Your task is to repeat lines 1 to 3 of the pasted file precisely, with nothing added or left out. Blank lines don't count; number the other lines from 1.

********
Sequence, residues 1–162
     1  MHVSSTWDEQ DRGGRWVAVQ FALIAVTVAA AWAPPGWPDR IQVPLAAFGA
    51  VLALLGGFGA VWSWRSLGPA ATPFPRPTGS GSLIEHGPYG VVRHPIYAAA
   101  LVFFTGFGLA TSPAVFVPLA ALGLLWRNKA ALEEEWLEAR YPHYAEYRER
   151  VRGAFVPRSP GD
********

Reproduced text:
Sequence, residues 1–162
     1  MHVSSTWDEQ DRGGRWVAVQ FALIAVTVAA AWAPPGWPDR IQVPLAAFGA
    51  VLALLGGFGA VWSWRSLGPA ATPFPRPTGS GSLIEHGPYG VVRHPIYAAA